What happens when a simple procedure suddenly opens up a well of information you never wanted to confront? Just that happens in Elizabeth Strout’s newest novel, “My Name is Lucy Barton,” where a woman enters the hospital for a simple appendectomy and upon the arrival of her mother, must recognize some of the traumatic experiences that occurred in the past. The novel is written in a style similar to Strout’s other pieces, especially “Olive Kitteridge,” in the way that the narrator is likable and relatable, but at the same time is a mythical being of love and compassion.
The narrator and namesake, Lucy Barton, is a kind and gentle woman who essentially loves every person she meets. A married mother of two, she embodies the characteristics of the traditional nurturing role in a novel. She aches for her children after her procedure goes awry and she falls ill. Though she yearns for her husband, she knows he must hold down the fort and work. It is a very believable portrayal of motherhood and Lucy’s connection with her own mother, though more strained, is also a very raw and realistic adaptation of the relationship between mother and daughter.
Lucy appears to be very collected and self-motivated as a mother should be; but her complicated connection with her mother exposes her weaknesses. A victim of her mother’s abuse throughout childhood, an alcoholic father, and rampant poverty, Lucy is forced to confront those issues from her past in order to become a stronger woman in the future. In addition to these shocking revelations that the reader learns about Lucy’s past, we get a glimpse of the heartache and scandal that the people that Lucy grew up with are facing, due to her mother’s tendency to gossip.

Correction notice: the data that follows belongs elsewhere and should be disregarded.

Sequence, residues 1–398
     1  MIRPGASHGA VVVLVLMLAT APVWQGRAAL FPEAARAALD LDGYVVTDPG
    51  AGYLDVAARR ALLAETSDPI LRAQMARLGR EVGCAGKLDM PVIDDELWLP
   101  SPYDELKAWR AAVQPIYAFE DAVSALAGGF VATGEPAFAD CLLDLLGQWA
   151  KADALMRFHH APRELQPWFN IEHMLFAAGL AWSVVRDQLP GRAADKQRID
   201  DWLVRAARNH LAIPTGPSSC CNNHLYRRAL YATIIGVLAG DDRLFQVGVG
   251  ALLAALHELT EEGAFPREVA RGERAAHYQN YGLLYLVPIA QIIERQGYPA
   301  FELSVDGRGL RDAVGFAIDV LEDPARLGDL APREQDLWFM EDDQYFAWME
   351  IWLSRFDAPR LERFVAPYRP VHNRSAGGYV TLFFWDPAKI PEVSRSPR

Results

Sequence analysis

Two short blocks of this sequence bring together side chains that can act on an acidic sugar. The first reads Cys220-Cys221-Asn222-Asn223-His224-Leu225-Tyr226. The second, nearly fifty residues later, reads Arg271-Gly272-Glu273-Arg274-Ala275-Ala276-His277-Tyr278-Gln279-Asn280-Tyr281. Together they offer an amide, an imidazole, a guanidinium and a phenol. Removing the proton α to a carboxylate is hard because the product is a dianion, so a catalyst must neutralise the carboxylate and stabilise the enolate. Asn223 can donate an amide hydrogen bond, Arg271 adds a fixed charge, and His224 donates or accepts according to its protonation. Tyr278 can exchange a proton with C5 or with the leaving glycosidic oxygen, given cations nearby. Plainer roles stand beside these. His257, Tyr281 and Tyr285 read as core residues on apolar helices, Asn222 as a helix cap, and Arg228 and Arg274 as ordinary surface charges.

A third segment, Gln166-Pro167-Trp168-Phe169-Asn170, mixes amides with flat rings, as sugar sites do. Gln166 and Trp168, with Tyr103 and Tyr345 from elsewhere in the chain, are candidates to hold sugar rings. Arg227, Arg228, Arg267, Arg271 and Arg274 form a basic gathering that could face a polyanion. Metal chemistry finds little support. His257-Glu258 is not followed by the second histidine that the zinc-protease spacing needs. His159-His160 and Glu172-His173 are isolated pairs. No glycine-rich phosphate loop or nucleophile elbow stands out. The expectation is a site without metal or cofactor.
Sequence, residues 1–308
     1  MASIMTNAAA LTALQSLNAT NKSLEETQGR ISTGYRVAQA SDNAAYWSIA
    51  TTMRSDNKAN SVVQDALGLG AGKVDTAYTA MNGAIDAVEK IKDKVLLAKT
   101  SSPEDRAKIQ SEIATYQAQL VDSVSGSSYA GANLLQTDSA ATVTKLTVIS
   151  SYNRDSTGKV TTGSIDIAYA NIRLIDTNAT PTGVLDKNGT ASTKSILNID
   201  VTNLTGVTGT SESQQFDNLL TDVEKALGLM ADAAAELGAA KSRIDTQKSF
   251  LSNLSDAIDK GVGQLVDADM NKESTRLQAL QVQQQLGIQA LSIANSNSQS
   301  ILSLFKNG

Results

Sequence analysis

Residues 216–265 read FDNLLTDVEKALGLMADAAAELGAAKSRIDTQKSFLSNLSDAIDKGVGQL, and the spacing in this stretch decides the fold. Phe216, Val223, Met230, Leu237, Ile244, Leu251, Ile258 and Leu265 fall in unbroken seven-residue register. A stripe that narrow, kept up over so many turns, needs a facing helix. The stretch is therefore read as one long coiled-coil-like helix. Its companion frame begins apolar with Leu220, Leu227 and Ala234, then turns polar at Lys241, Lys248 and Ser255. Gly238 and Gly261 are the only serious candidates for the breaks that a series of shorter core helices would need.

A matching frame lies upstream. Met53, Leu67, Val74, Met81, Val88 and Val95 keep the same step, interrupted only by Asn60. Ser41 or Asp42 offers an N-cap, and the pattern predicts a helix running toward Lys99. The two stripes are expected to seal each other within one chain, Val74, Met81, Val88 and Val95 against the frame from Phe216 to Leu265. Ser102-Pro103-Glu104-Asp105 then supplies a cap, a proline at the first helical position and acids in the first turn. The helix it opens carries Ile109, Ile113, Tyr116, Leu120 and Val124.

Lucy is also a writer, making Strout’s use of flowery, eloquent language especially fitting. Lucy’s tangents and inquiries on the things happening around her are gorgeous despite them being menial. Her heart is so full of love and compassion for others that it makes it difficult to believe that her mother is unable of producing those feelings for anything in her life. The apparent divide between them just makes Lucy’s desire to become closer to her mother even stronger. What at the start seems like it will be a very lighthearted novel turns out to be a bit grittier than expected, and we finally get to see why Lucy loves as hard as she does.
There has been speculation in the literary community that “My Name is Lucy Barton” is essentially a spinoff of “Olive Kitteridge,” only taking things from an impoverished perspective instead of the bourgeoisie. There are bits of humor throughout that lighten some of the difficult subjects, and the character of Lucy is definitely one that audiences will enjoy getting to know.